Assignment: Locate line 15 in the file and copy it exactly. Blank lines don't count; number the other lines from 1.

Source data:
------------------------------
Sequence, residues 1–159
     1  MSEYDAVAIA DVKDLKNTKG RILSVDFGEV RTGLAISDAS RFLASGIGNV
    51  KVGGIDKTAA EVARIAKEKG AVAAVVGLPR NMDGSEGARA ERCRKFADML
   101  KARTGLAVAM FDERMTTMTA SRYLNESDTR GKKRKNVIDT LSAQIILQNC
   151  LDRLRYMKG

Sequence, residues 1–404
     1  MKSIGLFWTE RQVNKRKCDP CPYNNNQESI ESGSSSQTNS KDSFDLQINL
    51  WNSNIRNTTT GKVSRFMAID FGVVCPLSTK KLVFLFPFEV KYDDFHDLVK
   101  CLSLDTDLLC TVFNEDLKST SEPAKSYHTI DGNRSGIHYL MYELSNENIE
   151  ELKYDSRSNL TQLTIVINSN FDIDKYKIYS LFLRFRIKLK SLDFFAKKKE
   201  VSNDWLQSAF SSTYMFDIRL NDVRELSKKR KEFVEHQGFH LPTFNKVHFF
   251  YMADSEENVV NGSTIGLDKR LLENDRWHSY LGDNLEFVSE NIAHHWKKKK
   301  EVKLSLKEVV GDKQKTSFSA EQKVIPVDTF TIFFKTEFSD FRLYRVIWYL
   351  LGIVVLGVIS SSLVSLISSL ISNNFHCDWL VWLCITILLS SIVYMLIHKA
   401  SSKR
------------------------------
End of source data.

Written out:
   401  SSKR